October is Archives Month, a most appropriate occasion to remember the first archivists for the Sisters of Charity of Leavenworth.
The Sisters of Charity of Leavenworth treasure their history, and the historians among the sisters have lovingly recounted and critically examined the community’s origins, successes, challenges, and changes. Sisters Marie Brinkman, Mary Buckner, Mary Carol Conroy, Mary Paul Fitzgerald, Julia Gilmore, Rose Dolores Hoffelmeyer, and Mary Lenore Martin, to name a few, have written outstanding books and articles that interpret the individual lives and communal life of the Sisters of Charity of Leavenworth. But what about the sisters who preserved the documents, photographs, and artifacts from which these histories were written?
Two sisters played significant roles in the history of the archives of the Sisters of Charity of Leavenworth: Sister Agnes Vincent Bauman (1899-1996), a long-time community secretary and archivist at heart, and Sister Leo Gonzaga Erbacher (1892-1969), the first sister to hold the title of archivist.
Sister Agnes Vincent Bauman worked as an “office girl” prior to her entry in the Sisters of Charity of Leavenworth in 1919 at the age of 20. Her background in business administration no doubt helped shape her sense of the importance of historical records, as secretaries were typically responsible for maintaining files of current and non-current office documents. Sister Agnes Vincent taught at various schools in Kansas, Missouri, and Montana before settling in as the business educator at St. Mary Academy in Leavenworth from 1934 to 1950. While teaching at St. Mary, she also served as part-time secretary to the Mother General.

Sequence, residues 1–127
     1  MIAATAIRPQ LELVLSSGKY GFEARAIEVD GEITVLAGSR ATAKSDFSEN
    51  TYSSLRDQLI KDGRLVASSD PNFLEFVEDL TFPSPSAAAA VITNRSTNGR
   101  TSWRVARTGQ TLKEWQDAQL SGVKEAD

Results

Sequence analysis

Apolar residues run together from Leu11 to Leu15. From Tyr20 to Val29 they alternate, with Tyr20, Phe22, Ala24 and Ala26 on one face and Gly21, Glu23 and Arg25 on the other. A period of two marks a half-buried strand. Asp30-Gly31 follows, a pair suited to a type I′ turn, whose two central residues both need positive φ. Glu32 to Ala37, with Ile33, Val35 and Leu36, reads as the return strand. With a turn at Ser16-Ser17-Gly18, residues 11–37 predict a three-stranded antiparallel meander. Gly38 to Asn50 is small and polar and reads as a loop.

From 1950 to 1968, Sister Agnes Vincent served as the Sisters of Charity of Leavenworth secretary general. In the early 1960s, she secured designated space to house the community’s archives. A biography written for her 70 year jubilee states:
Sister Agnes Vincent could also be described as the “Foundress of the SCL Archives.” It was she who saw the need and value of a recognized “home” for the community’s historical records and artifacts, and it was she who prevailed and finally received permission for definite space in the Mother House in which to establish a community archive. She attended workshops on archival procedures and came back to carry them out for the community. Her foresight, energy, and persevering hard work garnered community archival materials from various nooks and crannies, organized them, and laid the ground work for the SCL Archives as they are today.
Sister Leo Gonzaga Erbacher, the first archivist for the Sisters of Charity of Leavenworth, assumed the position of archivist in 1965 after retiring from a long teaching and administrative career at St. Mary Academy. A gifted writer, Sister Leo Gonzaga combined her work in the archives with public relations work for the community. One surmises that her interest in SCL history long predated her appointment as archivist, for in 1934 she wrote the Diamond Jubilee history of the community, and in 1938 she assembled a forty year community history that serves as a sequel to Mary Buckner’s work.
Sisters Agnes Vincent and Leo Gonzaga were the first two of many sisters whose work in the archives laid the foundation for the community’s strong archival program today. Let us give thanks for the lives and work of these two women and their loving care for the documents, photographs, artifacts, and stories that comprise the Archives of the Sisters of Charity of Leavenworth!